Anyway, I'm bringing this up because with Obama clinching last night, and all the stories generated about how this is the first time an African-American has been a major party's nominee, I got to thinking about circumstances in my state, Georgia. The Peach Tree State has a greater percentage of African-Americans that any of the other ten largest states; nevertheless, it's considered safely Republican for the fall. That inspired me to look at the data and so I discovered the surprising thing I led this article with: McCain is beating Obama in the four states where blacks are the fewest AND in the three states where they are the most numerous. Let's investigate this phenomenon a little more.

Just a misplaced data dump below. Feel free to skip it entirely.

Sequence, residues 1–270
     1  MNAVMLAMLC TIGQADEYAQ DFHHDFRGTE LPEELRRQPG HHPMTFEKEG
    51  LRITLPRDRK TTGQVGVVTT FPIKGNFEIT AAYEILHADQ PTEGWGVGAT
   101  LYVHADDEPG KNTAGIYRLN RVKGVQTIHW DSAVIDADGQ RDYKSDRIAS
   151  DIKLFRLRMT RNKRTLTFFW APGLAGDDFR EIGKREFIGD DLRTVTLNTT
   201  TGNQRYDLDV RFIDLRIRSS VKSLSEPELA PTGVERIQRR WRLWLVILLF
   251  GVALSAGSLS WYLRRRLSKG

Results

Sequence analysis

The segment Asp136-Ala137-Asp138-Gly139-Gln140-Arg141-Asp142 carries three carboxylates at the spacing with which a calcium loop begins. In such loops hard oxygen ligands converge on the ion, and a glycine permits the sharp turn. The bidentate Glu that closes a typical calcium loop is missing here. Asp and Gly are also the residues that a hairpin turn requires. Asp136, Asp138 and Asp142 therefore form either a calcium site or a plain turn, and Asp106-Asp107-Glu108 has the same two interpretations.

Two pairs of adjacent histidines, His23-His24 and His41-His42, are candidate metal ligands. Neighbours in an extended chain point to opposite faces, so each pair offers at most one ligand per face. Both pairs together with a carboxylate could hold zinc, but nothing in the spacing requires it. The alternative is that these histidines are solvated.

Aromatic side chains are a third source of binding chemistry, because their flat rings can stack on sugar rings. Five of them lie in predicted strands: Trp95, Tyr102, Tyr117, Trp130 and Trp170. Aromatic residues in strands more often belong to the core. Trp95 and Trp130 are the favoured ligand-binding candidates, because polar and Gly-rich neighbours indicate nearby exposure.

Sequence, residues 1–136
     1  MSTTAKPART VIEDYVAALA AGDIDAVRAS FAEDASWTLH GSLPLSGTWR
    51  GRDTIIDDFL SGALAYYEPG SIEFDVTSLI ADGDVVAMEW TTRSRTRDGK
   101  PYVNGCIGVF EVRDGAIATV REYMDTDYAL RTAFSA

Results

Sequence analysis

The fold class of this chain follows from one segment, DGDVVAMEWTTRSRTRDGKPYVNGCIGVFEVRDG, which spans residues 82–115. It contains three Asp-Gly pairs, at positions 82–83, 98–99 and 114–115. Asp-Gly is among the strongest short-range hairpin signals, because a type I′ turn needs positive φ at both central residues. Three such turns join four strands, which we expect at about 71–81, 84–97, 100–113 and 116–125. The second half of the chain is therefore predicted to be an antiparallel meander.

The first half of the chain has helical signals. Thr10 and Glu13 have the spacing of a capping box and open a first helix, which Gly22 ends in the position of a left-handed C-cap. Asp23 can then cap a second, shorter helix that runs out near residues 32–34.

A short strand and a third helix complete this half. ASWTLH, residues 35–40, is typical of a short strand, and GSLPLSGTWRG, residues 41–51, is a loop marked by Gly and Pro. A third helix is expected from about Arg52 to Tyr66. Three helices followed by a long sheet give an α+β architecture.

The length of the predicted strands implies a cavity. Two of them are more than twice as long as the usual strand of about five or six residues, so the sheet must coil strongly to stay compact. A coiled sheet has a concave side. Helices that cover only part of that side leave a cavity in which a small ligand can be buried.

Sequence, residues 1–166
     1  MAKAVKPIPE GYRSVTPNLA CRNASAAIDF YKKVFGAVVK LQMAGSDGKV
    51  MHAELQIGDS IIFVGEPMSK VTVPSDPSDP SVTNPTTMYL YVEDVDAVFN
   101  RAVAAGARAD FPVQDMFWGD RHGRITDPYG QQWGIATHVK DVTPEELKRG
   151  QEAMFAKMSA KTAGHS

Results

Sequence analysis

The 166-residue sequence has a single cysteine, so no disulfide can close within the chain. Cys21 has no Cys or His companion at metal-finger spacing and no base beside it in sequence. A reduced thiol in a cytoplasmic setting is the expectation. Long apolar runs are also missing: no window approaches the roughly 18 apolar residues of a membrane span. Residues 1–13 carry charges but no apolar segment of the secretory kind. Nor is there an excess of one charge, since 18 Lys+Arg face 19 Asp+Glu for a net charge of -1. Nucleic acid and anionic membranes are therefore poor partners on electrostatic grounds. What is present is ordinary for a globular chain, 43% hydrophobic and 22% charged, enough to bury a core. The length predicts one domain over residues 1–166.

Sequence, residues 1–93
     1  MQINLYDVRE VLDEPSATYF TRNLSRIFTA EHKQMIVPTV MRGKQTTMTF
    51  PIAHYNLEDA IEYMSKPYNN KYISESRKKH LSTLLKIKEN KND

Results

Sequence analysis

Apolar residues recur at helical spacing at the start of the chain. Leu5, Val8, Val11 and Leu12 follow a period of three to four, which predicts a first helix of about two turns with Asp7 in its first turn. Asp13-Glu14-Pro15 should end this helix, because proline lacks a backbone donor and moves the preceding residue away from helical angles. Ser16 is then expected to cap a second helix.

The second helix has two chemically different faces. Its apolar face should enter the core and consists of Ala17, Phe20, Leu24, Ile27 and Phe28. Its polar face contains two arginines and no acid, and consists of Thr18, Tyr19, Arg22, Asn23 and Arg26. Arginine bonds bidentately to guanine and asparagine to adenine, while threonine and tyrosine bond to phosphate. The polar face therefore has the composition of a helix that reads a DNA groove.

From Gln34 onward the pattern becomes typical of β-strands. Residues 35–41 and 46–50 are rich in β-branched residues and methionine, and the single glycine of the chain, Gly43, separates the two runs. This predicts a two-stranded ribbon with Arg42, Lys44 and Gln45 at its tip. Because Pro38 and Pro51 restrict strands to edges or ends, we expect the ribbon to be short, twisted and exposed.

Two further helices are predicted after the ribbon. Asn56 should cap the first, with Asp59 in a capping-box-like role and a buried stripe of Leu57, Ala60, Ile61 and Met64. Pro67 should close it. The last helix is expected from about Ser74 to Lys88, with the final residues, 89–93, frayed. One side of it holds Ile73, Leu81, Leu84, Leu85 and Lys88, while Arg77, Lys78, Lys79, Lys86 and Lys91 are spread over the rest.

When I said the three states with the greatest percentage of blacks were in McCain's column, I admittedly disregarded the District of Columbia, which isn't a state, but does participate in presidential elections courtesy of the Twenty-third Amendment. Now let's bring it into the discussion. There are sixteen states plus the D.C. that have a higher percentage of black or African-American residents than the U.S. national average of 12.4%. According to Rasmussen, McCain is ahead in ten of these seventeen places, and the only reason it's that close for Obama is that he is ahead in the three states ranked fifteen through seventeen: Illinois, Michigan, and New Jersey. If you make the cutoff point states where fifteen percent or more of the folks are black, McCain has an absurd lead, ten states to four. Or, since in our presidential elections it's all about the electoral college, McCain leads Obama in electoral votes in these thirteen states and the District by a whopping 119 to 47! Even if Obama were to capture Florida, which Rasmussen has down as only "leaning" towards McCain, the Arizona senator would still be ahead in this group of states 92 electoral votes to 74.